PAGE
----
Oasis: Supersonic (2016) Review

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The test for any decent documentary is that it should engage and entertain even if you aren’t interested in the subject matter. A good story is a good story in any medium so the story of the seemingly meteoric rise of one of the biggest British bands of all time was always going to keep people invested: even more so when the Gallagher Brothers are at the centre of the tale.

So you don’t have to be a fan of Oasis to enjoy this documentary but if you are a fan, this has all you need about the rise of the Brit-pop super-group. Using a familiar format to what we saw in another music documentary, Amy, Supersonic is comprised of stock-footage, never-before seen personal and home videos and best of all, talking-head interviews with everyone that matters, including Noel and Liam Gallagher.

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The insight into the band is impressive

That’s important because to discuss and document Oasis is to tell the story of the two iconic brothers. Here we get their explanation of how everything occurred. It feels candid, frank and honest. You get conflicting sides of the same story, interesting opinions on each other’s work, and worth, and best of all, a look behind the scenes at the conflict that made Oasis so interesting to start with.

That is because Supersonic isn’t the story of any old band making it big. Oasis achieved success that some bands can only dream of. Five years from a band doing gigs to nobody to playing one of the biggest concerts of all time. It is a story which has conflict, heady success, stupid decisions and blind luck but it is the sort of story which keeps you invested and interested, even if you are unaware of who the band are.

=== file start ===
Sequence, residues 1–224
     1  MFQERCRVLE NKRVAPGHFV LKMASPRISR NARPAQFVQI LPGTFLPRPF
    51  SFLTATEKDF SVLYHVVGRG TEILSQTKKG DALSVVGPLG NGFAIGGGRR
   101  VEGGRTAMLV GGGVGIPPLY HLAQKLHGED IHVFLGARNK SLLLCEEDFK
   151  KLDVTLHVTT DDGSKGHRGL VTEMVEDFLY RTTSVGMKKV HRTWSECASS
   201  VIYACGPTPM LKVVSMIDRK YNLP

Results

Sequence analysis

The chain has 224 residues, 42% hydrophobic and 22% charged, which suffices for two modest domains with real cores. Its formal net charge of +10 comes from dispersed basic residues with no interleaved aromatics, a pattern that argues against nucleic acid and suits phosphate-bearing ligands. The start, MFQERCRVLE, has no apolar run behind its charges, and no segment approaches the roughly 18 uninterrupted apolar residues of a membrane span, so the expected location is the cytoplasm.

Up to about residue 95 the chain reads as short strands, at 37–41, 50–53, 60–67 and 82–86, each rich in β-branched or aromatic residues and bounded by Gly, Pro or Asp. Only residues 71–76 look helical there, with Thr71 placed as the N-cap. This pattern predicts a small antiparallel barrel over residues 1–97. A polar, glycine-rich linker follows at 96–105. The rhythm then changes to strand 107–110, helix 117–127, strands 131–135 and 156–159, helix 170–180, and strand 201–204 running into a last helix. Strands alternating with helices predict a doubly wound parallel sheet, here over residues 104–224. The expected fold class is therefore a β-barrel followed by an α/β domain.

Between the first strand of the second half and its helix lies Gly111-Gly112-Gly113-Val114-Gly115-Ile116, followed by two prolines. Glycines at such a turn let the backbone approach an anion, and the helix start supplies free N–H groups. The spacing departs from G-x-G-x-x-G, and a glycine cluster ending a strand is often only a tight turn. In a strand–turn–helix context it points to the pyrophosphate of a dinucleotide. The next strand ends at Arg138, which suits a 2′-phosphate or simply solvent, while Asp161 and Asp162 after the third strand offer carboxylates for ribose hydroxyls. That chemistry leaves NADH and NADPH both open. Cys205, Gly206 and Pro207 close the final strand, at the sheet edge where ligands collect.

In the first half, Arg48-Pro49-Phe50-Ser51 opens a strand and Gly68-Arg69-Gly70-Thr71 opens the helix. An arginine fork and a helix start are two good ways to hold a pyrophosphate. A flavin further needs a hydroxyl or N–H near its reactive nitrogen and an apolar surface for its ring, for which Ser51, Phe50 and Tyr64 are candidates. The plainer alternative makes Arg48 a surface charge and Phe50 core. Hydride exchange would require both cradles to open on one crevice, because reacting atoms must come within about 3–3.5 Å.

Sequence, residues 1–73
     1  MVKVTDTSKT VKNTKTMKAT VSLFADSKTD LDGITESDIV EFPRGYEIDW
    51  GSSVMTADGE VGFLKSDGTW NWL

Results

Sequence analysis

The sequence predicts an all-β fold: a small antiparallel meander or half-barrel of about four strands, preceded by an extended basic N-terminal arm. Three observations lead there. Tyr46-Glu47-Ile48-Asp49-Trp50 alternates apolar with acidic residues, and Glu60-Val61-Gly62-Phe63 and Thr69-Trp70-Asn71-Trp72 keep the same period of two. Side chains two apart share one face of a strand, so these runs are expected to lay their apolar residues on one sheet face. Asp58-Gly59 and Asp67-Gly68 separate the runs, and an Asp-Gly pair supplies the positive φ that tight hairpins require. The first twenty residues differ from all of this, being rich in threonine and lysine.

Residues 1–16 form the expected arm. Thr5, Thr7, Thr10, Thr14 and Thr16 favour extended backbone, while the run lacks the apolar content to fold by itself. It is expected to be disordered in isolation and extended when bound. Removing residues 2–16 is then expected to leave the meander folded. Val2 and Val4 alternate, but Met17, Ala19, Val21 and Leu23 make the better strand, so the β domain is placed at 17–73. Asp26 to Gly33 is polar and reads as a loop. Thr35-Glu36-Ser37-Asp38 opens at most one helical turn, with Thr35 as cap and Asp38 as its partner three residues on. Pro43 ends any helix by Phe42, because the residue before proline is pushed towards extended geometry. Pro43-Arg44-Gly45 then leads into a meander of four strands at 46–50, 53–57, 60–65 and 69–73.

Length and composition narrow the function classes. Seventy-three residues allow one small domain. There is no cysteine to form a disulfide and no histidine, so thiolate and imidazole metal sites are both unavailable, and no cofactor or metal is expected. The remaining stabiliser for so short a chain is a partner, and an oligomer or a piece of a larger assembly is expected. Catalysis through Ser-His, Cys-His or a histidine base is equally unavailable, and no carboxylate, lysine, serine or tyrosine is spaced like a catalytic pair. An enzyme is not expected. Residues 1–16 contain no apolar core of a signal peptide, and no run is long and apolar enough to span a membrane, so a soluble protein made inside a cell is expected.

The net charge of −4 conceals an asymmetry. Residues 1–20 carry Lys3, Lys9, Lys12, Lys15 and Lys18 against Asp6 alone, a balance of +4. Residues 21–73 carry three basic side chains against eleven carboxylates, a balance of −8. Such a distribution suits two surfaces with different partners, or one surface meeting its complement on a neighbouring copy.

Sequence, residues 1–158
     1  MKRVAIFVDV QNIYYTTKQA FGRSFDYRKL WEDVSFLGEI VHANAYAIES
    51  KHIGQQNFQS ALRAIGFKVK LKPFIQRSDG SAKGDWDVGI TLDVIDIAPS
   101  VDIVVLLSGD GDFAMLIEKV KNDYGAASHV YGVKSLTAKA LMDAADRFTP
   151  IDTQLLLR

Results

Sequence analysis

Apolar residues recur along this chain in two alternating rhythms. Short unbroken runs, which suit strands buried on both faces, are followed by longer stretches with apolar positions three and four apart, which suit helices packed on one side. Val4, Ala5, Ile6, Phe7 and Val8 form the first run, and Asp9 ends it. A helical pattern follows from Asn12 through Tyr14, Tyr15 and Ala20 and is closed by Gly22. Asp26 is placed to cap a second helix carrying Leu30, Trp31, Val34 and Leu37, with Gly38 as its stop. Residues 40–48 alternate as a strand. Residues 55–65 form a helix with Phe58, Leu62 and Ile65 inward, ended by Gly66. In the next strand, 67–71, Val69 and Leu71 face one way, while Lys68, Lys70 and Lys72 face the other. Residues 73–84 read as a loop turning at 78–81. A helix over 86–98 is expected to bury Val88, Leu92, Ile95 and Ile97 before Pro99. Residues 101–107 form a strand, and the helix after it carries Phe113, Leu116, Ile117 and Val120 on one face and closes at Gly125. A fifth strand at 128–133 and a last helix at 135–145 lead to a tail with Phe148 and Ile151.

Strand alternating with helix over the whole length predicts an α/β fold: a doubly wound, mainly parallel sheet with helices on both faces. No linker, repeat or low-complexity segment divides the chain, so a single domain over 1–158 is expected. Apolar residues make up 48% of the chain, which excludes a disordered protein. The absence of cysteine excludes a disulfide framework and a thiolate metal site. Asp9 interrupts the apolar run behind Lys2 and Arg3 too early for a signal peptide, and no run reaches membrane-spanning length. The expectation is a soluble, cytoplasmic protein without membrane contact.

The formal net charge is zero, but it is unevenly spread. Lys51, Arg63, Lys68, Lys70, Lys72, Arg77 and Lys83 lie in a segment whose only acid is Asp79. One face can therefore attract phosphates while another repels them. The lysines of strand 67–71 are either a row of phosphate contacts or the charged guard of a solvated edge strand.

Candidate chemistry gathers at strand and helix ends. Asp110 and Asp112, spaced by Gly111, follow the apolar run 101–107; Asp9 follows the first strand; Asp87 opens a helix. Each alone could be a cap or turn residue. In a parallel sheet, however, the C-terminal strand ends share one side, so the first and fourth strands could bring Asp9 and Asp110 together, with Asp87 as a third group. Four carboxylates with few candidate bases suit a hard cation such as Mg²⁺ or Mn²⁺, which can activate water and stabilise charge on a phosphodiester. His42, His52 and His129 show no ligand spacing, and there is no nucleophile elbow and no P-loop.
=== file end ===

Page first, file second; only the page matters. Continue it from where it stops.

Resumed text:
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Aspects of the story seem omitted or cut short

As much as the Supersonic is great for the fans of Oasis, it will also infuriate those who know anything about Oasis. It follows the story of the band very closely but aspects of the tale that Oasis fans would love more insight into are glaringly omitted. The Brit-Pop rivalry between Blur and Oasis which defined music for a generation of people is glossed over and barely covered. Worst of all, Oasis is a band fractured now and the story of how the Gallagher Brothers ripped apart one of the biggest British bands of all time is one that could prove to be more interesting than anything covered in this movie but the film stops short of developing this story. Maybe the involvement of the band itself could have been a detriment after-all.

Overall, Supersonic is a compelling and very successful documentary that tells one of the most interesting stories in British music. Unfortunately, it also cuts the story too short, missing off arguably the most interesting aspect of Oasis’ story.

Rating – 4

(1 – AWFUL, 2 – AVERAGE, 3 – GOOD, 4 – GREAT, 5! – MUST SEE)

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A must-see for Oasis fans

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